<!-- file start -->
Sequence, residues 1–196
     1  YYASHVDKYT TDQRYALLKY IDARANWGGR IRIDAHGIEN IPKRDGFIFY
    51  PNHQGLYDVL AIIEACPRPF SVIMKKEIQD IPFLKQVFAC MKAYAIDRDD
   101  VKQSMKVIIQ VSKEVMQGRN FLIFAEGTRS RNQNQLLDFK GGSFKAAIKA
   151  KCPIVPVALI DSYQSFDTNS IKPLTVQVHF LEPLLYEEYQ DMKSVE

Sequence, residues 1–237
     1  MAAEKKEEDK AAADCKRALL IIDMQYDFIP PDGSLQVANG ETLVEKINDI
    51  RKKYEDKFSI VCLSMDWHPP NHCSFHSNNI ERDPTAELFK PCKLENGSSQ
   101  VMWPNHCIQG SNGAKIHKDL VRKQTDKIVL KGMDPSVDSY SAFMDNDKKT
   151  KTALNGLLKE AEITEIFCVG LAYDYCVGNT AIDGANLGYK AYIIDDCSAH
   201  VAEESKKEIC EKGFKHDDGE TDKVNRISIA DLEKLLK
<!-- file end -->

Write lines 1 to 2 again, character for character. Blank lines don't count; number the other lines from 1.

Sequence, residues 1–196
     1  YYASHVDKYT TDQRYALLKY IDARANWGGR IRIDAHGIEN IPKRDGFIFY